One of the pieces of astrological information that shows up everywhere on astrology sites, but that I have not been able to find a scholarly source for, suggests that, in addition to the sixty term cycle in which the elements and animals rotate through each other, each of the twelve branches/animals also has a "fixed element" from the ten stems. The arrangement cited is that each of the four cardinal element rules three animals with the central element of Earth additionally influencing one from each of the other four. The four elements are, as usual, lined up with the divine beasts mentioned above: the blue dragon, the red bird, the white tiger and the black tortoise/warrior, and each divine beast associated with a zodiac animal that is ruled by that element.20
While this does not come from a reliable source the four divine beasts are certainly prominent in astrology. Thus it seems possible, albeit not in any way confirmed, that the twelve branches/animals and ten stems/elements were associated or intertwined with the four divine beasts early on enough to influence the nature and number of the twelve deities in question. If the names of the four beasts appear among the twelve listed on the divination board, this would be strong evidence for such an association, but I have not been able to locate a clear enough copy of the chokuban's first ring to identify the characters; some are suggestive but that is all I can say at this point.
The association of the twelve animals with the ten elements, at least, may be supported by a discussion thread from Animesuki's Shounen Onmyouji forum. Two posters suggested similar conflations, one from the starting point of the I Ching and one from the starting point of the elements.21 The latter poster, additionally, drew some information from Japanese Wikipedia on the characters' elemental alignments as stated in the light novels. Neither poster cites attested sources, but the first appears to have some background in studies of the I Ching and her/his account of the stem/branch matching involves a repetition of yin earth and yang earth which marches well with the description Cammann gives from the divination board. The second poster could offer some translations from Wikipedia, which most likely has accurate information on the contemporary series at least, and suggests that the shikigami have definite associations with the five elements.22 While I am hesitant to trust this as a source without further confirmation, which I have been unable to locate, I think we can probably count it as a little more weight on the side of "the twelve deities, and hence the shikigami, number twelve and have elemental powers because the stems and branches were matched up".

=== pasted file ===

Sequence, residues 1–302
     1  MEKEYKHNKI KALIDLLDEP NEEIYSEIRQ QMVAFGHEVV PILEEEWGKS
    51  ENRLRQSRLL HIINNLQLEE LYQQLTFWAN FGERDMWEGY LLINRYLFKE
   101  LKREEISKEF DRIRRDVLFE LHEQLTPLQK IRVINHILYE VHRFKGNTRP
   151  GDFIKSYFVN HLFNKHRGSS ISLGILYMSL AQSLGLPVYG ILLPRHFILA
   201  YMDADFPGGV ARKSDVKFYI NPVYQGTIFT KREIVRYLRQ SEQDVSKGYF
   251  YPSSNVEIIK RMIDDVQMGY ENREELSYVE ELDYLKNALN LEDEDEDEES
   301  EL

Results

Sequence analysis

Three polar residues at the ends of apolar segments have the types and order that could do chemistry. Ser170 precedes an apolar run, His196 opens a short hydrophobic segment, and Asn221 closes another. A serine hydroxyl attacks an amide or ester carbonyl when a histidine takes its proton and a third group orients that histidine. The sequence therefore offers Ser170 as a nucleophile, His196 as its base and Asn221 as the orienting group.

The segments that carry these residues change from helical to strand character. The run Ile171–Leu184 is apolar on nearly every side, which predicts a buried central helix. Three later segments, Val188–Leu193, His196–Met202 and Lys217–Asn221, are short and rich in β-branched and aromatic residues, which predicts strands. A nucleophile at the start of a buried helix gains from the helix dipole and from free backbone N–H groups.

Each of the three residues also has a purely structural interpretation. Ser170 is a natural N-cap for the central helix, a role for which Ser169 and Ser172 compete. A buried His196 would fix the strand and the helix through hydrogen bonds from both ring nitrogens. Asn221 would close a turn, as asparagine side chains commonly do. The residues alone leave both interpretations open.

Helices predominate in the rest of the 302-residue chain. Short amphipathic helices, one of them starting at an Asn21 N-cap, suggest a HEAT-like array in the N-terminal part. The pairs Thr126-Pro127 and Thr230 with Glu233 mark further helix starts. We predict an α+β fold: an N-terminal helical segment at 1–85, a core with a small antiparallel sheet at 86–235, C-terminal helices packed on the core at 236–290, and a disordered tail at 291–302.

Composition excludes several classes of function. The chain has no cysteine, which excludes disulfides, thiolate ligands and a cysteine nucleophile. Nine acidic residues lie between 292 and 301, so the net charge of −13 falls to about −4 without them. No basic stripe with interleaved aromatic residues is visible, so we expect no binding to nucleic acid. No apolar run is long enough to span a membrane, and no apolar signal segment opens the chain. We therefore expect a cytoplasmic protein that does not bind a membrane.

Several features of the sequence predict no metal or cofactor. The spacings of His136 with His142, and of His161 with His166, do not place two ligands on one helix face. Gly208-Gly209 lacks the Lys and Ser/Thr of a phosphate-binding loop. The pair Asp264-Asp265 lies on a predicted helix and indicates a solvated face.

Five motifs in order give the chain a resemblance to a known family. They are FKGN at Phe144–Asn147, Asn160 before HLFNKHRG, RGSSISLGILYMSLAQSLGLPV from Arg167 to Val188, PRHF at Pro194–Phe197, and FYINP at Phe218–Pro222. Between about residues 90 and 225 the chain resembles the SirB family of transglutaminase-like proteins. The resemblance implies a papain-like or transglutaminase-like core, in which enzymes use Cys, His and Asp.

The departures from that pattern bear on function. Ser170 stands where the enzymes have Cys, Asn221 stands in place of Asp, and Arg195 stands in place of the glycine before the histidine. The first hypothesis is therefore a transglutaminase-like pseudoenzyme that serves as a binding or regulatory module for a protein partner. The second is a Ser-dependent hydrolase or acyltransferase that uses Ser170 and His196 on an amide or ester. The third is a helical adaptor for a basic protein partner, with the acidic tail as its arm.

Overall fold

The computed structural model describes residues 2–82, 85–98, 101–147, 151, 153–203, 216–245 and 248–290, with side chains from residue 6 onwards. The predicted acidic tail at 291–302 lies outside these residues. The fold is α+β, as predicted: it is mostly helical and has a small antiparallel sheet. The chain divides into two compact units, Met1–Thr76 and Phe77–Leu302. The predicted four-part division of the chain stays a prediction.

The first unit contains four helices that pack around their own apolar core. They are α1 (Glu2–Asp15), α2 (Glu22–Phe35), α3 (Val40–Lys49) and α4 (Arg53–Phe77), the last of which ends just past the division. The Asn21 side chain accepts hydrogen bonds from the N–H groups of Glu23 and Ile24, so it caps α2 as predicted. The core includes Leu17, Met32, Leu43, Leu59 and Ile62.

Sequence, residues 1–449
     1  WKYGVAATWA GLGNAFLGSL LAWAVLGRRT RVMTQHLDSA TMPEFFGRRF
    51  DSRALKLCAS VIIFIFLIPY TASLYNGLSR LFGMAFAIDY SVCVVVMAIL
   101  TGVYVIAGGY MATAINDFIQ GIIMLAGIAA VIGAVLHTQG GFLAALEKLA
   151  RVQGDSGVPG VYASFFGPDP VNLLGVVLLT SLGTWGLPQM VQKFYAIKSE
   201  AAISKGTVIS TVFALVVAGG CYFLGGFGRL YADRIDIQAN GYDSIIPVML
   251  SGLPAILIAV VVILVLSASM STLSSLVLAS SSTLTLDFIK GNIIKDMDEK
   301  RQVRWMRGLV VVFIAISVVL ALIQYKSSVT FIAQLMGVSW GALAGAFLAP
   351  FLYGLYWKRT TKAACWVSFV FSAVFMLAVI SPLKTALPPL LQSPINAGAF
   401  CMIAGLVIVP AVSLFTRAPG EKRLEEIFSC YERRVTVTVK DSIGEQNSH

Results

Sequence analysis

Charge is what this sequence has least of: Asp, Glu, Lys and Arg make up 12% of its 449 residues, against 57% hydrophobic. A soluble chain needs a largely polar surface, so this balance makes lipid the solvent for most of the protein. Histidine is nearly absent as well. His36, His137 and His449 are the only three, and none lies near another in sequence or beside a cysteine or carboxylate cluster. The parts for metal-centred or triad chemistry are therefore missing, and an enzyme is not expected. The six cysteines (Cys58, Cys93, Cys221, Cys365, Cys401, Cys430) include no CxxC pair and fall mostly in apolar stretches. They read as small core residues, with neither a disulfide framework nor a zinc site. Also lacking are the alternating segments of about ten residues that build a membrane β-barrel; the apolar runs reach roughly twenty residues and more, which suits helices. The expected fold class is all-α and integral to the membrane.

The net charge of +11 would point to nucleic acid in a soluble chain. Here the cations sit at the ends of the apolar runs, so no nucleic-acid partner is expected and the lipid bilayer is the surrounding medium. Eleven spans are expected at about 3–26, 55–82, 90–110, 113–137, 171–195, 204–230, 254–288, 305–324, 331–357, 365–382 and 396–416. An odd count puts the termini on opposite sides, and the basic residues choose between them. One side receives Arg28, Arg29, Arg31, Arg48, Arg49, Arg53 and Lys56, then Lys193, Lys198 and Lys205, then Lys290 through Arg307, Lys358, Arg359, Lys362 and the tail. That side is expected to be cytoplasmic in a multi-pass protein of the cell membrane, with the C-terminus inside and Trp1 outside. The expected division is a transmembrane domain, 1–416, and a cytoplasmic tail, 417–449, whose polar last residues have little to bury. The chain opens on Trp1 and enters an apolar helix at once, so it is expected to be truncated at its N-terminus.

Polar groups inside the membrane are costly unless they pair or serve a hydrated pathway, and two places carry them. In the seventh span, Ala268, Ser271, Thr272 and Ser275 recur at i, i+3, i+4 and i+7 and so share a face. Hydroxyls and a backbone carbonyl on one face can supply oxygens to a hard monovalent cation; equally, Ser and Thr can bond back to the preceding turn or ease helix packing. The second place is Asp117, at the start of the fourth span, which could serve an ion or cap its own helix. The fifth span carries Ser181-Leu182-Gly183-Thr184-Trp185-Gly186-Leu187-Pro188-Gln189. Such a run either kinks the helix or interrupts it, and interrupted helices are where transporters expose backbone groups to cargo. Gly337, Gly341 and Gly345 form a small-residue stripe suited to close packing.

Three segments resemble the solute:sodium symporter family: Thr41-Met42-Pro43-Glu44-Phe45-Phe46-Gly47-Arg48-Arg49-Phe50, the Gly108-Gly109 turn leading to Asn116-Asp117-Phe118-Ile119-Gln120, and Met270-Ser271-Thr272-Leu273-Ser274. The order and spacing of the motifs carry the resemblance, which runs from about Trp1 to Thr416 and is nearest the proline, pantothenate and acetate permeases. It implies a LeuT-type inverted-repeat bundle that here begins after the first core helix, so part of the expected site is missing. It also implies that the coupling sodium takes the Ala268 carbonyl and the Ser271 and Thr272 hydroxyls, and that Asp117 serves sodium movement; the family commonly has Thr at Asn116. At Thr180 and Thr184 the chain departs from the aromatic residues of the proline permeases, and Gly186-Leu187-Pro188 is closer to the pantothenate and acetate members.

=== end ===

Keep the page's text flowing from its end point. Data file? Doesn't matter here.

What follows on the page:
It seems most likely that the Twelve Divine Commanders had their start in the celestial beasts of the five-element system, and were elaborated upon as time went on. Their current form may well have been determined by related aspects of astrology, which gave us the twelve beasts and ten elemental associations among them. Upon import into Japan, the resulting twelve deities became, perhaps, the inspiration for the idea of shikigami. If this is true, it makes a great deal of sense that the growing legend of Abe no Seimei would incorporate the source of that inspiration as the greatest of the bound spirits, proof of Seimei's own greatness.
This appears to be the form in which these twelve were employed by the authors of current manga, novels and anime, who have, of course, taken their own artistic license.